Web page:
Dr. Deb Talukdar is a medical doctor from New Delhi, India. His research interest includes cancer therapeutics, Parkinson’s Disease, inflammatory and immunosuppressive drugs, COVID-19 predictive modeling and vaccination program, public health research associated with DHS and rare diseases such Pulmonary arterial hypertension (PAH). Previously, he was involved in AI research at Yale University. Currently, he is affiliated with All Saints University School of Medicine in Dominica.
Emflaza® (deflazacort) is an adrenocortical steroid that is available in both natural and synthetic forms. Its chemical name is (11β,16β)-11,21-bis(acetyloxy)-2′-methyl-5’H-pregna-1,4-dieno[17,16-d]oxazole-3,20-dione, the molecular formula is C25H31NO6, and the molecular weight is 441.518 g/mol. Emflaza is an odorless fine powder that appears white to off-white in color. It is soluble in acetone and methanol and freely soluble in dichloromethane and acetic acid. Emflaza can be administered orally in doses of 6, 18, 30, and 36 mg. For immediate release, an oral suspension is available with a strength of 22.75 mg/mL. Deflazacort is the active ingredient in Emflaza, which also contains inactive ingredients: magnesium stearate, pregelatinized corn starch, colloidal silicon dioxide, magnesium stearate, and lactose monohydrate. Emflaza is indicated for the treatment of patients with Duchenne muscular dystrophy (DMD) aged 5 years or older. The recommended oral dosage of Emflaza is 0.9 mg/kg per day once daily. If tablets are used, round up to the nearest possible dose. Any combination of the 4 Emflaza tablet strengths can be used to achieve this dose. If the oral suspension is used, it is recommended to round up to the nearest tenth of a milliliter (mL). The dosage should be reduced gradually if the medication is to be discontinued and has been administered for more than a few days. It is necessary to follow all precautions and instructions during the administration of Emflaza.1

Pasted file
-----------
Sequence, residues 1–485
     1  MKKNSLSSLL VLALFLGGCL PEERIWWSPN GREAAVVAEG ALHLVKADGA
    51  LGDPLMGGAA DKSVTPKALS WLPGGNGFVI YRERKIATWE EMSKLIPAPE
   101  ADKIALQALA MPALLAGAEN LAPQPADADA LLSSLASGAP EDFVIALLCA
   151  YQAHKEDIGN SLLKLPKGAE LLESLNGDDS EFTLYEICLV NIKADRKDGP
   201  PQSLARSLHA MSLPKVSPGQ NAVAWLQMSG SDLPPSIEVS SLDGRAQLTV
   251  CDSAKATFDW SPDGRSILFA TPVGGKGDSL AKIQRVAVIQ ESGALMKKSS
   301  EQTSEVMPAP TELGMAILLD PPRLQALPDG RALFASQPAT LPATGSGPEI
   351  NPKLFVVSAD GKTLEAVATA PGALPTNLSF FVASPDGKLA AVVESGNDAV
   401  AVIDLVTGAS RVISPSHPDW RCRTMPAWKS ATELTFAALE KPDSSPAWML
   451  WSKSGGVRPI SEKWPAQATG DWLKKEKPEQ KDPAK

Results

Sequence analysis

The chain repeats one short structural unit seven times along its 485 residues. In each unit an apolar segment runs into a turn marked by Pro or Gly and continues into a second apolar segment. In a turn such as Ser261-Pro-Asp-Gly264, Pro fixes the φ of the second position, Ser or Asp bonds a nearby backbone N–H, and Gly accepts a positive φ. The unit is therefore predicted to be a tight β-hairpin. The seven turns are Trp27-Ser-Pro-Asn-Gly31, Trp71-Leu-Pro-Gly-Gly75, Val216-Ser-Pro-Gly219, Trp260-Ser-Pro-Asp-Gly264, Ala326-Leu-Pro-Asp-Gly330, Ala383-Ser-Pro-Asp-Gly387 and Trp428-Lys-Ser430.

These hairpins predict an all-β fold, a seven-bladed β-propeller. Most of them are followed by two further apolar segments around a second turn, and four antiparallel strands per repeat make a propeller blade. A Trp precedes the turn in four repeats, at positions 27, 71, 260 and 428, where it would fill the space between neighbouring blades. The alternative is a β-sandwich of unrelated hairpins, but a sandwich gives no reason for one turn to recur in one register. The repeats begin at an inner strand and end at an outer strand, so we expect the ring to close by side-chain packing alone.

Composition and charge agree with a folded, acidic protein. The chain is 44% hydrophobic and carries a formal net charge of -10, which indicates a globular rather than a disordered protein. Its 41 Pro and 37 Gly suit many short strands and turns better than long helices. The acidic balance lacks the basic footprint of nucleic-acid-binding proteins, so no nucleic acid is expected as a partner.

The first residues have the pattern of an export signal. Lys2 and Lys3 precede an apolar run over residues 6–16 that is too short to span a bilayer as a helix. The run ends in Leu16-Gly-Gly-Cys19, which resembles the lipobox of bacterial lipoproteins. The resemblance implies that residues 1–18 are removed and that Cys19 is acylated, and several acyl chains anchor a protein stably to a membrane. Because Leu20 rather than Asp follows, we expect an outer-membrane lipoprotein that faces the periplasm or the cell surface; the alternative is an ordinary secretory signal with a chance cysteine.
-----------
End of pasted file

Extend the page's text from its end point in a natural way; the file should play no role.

Safety Information and Adverse Effects
Emflaza is a corticosteroid used to treat patients with DMD. Patients should not take Emflaza if they are allergic to deflazacort or any other of its ingredients. Before they start Emflaza, the dosage needs to be discussed. To prevent withdrawal syndrome and adrenal insufficiency, Emflaza must not be discontinued abruptly or the dose changed before a healthcare provider is consulted. The abrupt discontinuation of a corticosteroid can be fatal becaues it can lead to acute adrenal insufficiency. Patients may also experience steroid withdrawal syndrome. The dose may need to be increased during times of stress. In patients with preexisting diabetes or on long-term treatment for diabetes, hyperglycemia may develop because the effect of antidiabetic drugs is reduced. The blood glucose level needs to be monitored at regular intervals and the antidiabetic treatment adjusted accordingly in such cases. Emflaza increases the risk for infection, which can be severe and even fatal. In addition, salt and water retention associated with Emflaza can lead to an increase in blood pressure and a decrease in calcium and potassium levels. Potassium supplementation and dietary salt restriction may be required. When taken for a long time, Emflaza decreases bone mineral density and increases the risk for osteoporosis, with the possibility of fractures in long bones and vertebrae. Emflaza can slow growth and development in children. It can also cause ocular infections, cataracts, and glaucoma.2
Get detailed prescribing information on the Emflaza monograph page at MPR.
Drug Properties and Indications